WTO

Research Paper 92, March 2019

Notification and Transparency Issues in the WTO and the US’ November 2018 Communication

Various WTO Members submitted a Communication to the WTO in November 2018 which, if accepted, would affect the implementation of Members’ transparency and notification obligations at the WTO. It would strengthen the already burdensome notification obligations and introduce new punitive administrative measures should obligations not be complied with. This paper provides information about WTO Members’ current notification obligations and their level of compliance; looks at the history of discussions on notifications, particularly in the Working Group on Notification Obligations and Procedures which took place in  1995 – 1996; and provides an analysis of the Communication. The analysis focuses on the extent to which the elements are consistent with or go beyond the current WTO disciplines. It concludes that non-compliance with notification obligations is real. However, rather than expanding obligations and introducing punitive measures, constructive and effective solutions should be based on nuancing of obligations in the context of a Special and Differential Treatment approach and through the use of incentives. It also acknowledges that countries with a chronic lack of capacities will continue to struggle with the WTO’s complex notification obligations and requirements until they attain higher levels of development and, thus, improved institutional capacities.

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SC Working Lunch, March 2019

Title:               Working Lunch Meeting on E-Commerce

Date:                Friday, 15th March, 2019, 12:00 – 14:45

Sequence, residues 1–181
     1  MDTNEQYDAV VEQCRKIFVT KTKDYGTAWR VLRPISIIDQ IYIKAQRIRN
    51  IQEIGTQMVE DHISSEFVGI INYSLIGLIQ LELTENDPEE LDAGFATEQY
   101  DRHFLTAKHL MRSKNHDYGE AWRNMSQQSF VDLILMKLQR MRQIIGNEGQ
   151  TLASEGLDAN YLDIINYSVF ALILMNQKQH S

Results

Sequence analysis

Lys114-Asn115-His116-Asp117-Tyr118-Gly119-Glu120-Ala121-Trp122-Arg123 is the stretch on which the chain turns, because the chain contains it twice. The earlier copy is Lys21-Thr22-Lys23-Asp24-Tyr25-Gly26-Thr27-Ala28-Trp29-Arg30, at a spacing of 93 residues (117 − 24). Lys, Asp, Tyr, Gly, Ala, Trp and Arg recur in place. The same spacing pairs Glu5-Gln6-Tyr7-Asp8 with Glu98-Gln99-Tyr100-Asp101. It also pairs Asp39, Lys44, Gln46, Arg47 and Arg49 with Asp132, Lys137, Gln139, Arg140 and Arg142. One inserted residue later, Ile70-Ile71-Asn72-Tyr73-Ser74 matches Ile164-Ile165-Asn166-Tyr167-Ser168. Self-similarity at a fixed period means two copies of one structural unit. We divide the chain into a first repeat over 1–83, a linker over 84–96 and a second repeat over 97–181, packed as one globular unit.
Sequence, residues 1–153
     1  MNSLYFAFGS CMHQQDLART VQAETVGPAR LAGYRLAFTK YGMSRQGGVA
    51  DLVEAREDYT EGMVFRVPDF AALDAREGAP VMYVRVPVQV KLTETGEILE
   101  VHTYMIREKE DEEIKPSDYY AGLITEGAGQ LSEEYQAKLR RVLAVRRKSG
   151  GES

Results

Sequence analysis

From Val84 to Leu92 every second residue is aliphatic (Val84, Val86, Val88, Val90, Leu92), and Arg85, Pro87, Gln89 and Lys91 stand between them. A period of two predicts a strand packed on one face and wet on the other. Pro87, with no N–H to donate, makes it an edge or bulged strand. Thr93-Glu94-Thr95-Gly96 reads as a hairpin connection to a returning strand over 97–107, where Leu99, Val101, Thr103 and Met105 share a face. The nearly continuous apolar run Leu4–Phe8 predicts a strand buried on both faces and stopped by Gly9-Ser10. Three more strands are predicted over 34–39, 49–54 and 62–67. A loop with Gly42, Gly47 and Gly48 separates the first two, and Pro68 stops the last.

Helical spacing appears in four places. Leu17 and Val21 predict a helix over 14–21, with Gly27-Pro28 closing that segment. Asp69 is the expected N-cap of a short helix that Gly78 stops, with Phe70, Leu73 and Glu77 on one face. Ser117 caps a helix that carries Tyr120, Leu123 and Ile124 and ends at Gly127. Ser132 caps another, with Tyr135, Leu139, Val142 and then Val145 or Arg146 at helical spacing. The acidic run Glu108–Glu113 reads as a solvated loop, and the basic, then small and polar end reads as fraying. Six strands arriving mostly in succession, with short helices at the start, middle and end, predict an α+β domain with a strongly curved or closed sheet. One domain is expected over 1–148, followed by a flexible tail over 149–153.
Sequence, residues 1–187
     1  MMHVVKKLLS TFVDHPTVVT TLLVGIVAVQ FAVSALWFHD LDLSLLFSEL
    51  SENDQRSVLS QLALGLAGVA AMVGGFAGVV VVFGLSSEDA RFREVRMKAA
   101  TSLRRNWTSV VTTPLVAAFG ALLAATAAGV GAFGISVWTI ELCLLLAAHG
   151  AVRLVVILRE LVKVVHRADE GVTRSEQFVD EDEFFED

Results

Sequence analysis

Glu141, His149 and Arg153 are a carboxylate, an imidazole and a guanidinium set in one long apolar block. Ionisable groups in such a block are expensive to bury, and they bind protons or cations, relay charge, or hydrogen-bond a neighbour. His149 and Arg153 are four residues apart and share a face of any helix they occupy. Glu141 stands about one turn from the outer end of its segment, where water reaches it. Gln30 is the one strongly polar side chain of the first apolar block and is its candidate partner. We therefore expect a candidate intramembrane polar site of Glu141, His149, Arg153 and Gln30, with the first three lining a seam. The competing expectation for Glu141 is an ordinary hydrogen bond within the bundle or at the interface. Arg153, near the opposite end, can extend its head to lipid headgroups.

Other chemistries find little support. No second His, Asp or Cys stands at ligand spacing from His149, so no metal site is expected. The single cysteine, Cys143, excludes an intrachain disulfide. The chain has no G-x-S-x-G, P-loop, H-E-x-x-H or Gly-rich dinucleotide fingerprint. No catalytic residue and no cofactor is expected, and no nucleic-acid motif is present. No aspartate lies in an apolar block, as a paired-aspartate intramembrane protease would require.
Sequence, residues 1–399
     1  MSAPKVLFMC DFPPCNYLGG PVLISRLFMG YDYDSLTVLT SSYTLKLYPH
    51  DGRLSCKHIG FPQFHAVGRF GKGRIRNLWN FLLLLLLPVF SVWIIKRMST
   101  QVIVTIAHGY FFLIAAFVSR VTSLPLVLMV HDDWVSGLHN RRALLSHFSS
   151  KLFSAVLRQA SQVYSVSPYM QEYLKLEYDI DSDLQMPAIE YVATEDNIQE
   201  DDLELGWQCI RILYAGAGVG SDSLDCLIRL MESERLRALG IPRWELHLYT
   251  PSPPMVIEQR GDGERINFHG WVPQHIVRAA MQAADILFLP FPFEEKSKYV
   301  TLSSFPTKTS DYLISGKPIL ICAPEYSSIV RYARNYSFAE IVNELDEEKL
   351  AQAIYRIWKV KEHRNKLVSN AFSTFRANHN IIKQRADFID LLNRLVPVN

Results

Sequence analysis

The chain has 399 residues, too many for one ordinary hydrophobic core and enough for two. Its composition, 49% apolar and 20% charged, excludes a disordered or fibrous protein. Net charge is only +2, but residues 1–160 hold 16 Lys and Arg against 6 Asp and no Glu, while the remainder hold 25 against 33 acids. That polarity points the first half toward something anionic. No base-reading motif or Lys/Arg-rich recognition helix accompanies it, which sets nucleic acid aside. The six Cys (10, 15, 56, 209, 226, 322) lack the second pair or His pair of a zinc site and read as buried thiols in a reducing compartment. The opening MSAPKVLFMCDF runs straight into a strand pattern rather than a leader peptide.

Venue:             The South Centre

Organizers:     The South Centre 

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Policy Brief 58, March 2019

Why the US Proposals on Development will Affect all Developing Countries and Undermine WTO

US submitted two highly problematic proposals to the WTO in January and February 2019, undermining the place of Special and Differential Treatment (S&D) for developing countries at the WTO. In the first paper (WT/GC/757), US criticises the practice of self-declared development status by developing countries arguing that the North-South construct no longer makes sense due to “great development strides”. The second paper (WT/GC/764) – a proposed Decision for the General Council – provides a way to operationalise what was in the first paper. It gave criteria that would exclude 34 Members or 53.6 percent of global population from S&D treatment in “current and future WTO negotiations”. This fundamentally changes S&D from an unconditional right for all developing countries to a concession that may or may not be provided. Even for those developing countries that are not part of the 34 excluded Members, the US notes that in sector-specific negotiations, other Members could also be “ineligible for special and differential treatment.” This paper critiques the US approach on Special and Differential Treatment and concludes that these papers by the US cannot be the basis for any further discussions. All developing countries must be able to decide the pace of their adjustment to trade rules.

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SC Working Lunch, February 2019

Title:               US proposal on Special and Differential Treatment (WT/GC/W/764)

Date:               Tuesday, 19th February, 2019, 13:00 – 15:00 

Venue:            South Centre, Geneva

Organizers:   The South Centre 

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SC Working Lunch, February 2019

Title:               Working Lunch Meeting on US’ proposal on ‘AN UNDIFFERENTIATED WTO’

Date:               Monday, 11th February, 2019, 13:00 – 15:00 

Venue:            South Centre, Geneva

Organizers:   The South Centre